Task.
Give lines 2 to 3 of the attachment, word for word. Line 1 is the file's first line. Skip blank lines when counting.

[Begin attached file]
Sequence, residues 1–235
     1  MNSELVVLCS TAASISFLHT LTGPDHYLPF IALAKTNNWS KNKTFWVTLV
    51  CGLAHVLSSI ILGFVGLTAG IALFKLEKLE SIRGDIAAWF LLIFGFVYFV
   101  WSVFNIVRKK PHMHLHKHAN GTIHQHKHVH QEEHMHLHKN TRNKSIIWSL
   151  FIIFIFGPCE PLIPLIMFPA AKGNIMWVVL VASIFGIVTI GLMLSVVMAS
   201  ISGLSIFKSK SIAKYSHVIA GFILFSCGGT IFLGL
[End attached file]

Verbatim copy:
     1  MNSELVVLCS TAASISFLHT LTGPDHYLPF IALAKTNNWS KNKTFWVTLV
    51  CGLAHVLSSI ILGFVGLTAG IALFKLEKLE SIRGDIAAWF LLIFGFVYFV